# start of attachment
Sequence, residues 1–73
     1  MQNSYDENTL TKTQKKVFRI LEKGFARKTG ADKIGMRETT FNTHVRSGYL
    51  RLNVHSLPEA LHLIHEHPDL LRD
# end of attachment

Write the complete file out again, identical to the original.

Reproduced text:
Sequence, residues 1–73
     1  MQNSYDENTL TKTQKKVFRI LEKGFARKTG ADKIGMRETT FNTHVRSGYL
    51  RLNVHSLPEA LHLIHEHPDL LRD